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Health Column: Komen fibbin’ with their ribbons?

Phil Mohler, M.D.
MOHLER’S MEDICATION MAXIMS
Free Press Health Columnist

What are they?

They adorn the jerseys of NFL players, KFC buckets of chicken, a Smith and Wesson handgun, and front row seats at WWE wrestling arenas. They are, of course, pink ribbons!

Susan G. Komen is the most widely known, largest and best-funded breast cancer organization in the United States. They have spent more than $1.5 billion for breast cancer education, research, and health services since their beginnings in 1982.

Solid group? Maybe? Maybe not.

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Komen pulled the political plug on their support of Planned Parenthood mammograms, pays its CEO $700,000 a year, and has formed alliances with questionable enterprises like handgun manufacturers, a fast-fat food company (Buckets for the Cure) and Jingle Jugs, a novelty product that depicts female breasts that move in rhythm to a popular song.

More damning is Komen’s consistent overstatement of the benefits of mammograms and their failure to tell women about the risks. Komen’s ads in 2012 emphasized that the five-year survival for breast cancer was 98 percent when discovered early with mammogram screening, but only 23 percent when it was not. Dr. Lisa Schwartz, writing in the British Medical Journal, comments that Komen should be given an Oscar for misleading statistics.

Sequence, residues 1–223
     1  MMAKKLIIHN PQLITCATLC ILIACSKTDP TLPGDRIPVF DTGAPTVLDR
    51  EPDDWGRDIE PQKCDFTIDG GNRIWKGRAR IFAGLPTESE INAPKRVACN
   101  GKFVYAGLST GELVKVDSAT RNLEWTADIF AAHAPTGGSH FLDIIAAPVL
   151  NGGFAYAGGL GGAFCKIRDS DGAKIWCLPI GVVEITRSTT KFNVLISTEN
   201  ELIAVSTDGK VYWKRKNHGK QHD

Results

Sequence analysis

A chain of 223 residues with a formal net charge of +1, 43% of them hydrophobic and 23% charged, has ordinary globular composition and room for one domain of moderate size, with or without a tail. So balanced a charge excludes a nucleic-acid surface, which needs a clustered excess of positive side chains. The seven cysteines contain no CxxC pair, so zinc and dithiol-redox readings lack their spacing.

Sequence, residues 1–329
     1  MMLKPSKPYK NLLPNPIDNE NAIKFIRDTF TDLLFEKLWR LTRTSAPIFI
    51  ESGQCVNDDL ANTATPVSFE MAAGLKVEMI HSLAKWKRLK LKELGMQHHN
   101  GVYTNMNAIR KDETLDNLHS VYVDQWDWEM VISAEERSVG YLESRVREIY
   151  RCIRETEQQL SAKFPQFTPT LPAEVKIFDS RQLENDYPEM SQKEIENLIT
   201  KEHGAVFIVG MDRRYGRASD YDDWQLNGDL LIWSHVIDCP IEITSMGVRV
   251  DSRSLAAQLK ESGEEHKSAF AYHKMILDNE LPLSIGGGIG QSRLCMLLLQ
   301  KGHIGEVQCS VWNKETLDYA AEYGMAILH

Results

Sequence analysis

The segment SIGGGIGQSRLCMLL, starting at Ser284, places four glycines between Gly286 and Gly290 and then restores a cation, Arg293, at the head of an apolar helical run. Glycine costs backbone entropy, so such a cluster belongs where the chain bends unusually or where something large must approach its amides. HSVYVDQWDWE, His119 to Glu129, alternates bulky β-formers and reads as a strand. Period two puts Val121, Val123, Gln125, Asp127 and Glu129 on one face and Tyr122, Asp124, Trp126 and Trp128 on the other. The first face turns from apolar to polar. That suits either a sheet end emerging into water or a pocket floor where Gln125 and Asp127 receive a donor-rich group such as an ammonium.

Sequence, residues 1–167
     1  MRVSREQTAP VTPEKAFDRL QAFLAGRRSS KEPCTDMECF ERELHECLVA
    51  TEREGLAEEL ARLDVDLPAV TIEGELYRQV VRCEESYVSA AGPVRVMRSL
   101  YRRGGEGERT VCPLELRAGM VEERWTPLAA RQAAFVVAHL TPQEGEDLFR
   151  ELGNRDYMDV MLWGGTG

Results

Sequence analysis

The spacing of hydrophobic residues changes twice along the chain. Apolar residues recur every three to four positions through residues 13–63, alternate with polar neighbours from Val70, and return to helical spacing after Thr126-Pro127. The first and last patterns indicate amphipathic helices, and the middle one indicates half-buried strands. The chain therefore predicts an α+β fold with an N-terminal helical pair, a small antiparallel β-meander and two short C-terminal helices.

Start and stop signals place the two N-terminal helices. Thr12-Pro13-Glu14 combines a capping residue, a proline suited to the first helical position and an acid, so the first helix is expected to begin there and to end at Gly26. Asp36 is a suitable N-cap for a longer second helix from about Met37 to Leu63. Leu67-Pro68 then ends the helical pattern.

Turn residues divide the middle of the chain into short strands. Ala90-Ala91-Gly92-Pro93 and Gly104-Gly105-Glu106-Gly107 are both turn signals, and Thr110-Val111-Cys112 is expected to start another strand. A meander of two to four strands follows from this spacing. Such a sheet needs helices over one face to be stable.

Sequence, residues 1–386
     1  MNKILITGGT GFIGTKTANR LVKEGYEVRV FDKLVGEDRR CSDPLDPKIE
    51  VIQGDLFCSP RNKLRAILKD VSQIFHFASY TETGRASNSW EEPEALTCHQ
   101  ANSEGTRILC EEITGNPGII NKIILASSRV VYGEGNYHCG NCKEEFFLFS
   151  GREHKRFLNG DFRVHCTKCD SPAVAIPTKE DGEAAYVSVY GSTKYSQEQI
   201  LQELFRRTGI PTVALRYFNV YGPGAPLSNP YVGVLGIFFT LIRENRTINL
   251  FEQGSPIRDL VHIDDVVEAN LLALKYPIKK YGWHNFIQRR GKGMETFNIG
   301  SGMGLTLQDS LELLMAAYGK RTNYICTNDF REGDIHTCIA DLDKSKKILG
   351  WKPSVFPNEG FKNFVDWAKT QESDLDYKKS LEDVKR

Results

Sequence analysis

She explains: “Suppose three women are diagnosed with breast cancer at age 67 when a doctor finds a small lump. They die of the disease three years later, when they are 70. The five-year survival rate is zero percent, as no one lived five years past their diagnosis date. Now, suppose the same women were diagnosed when they were 64, because the cancer showed up on a mammogram, but they still die of breast cancer at age 70. The five year survival rate is a 100 percent, even though the women actually survived cancer the same length of time.”

A fairer way to express the benefits of screening mammograms (based on many clinical trials) is that 1,400 women need to be screened with a mammogram for 10 years to prevent one breast cancer death compared to women not screened with a mammogram. So less than 0.1 percent of women screened with mammograms are actually “saved” by the procedure.

Komen’s blind insistence on mammography for all increases the chance of over-diagnosis, when mammograms detect cancers that will never grow, cause symptoms or ever show themselves. Finally, as with any screening test, there is the false positive problem. A “spot” on the mammogram leads to a second test or even a biopsy when there is no malignancy present at all.

Komen’s Take: “….mammography is not perfect, but it’s the best detection tool we have.”

My Take: The decision to do any screening is a complex one with benefits and liabilities. Talk to your doctor about what’s best for you.

GJ Free Press health columnist Dr. Mohler has practiced family medicine in Grand Junction for 38 years. He has a particular interest in pharmaceutical education. Phil works part-time for both Primary Care Partners and Rocky Mountain Health Plans. Email him at pjmohler@bresnan.net.


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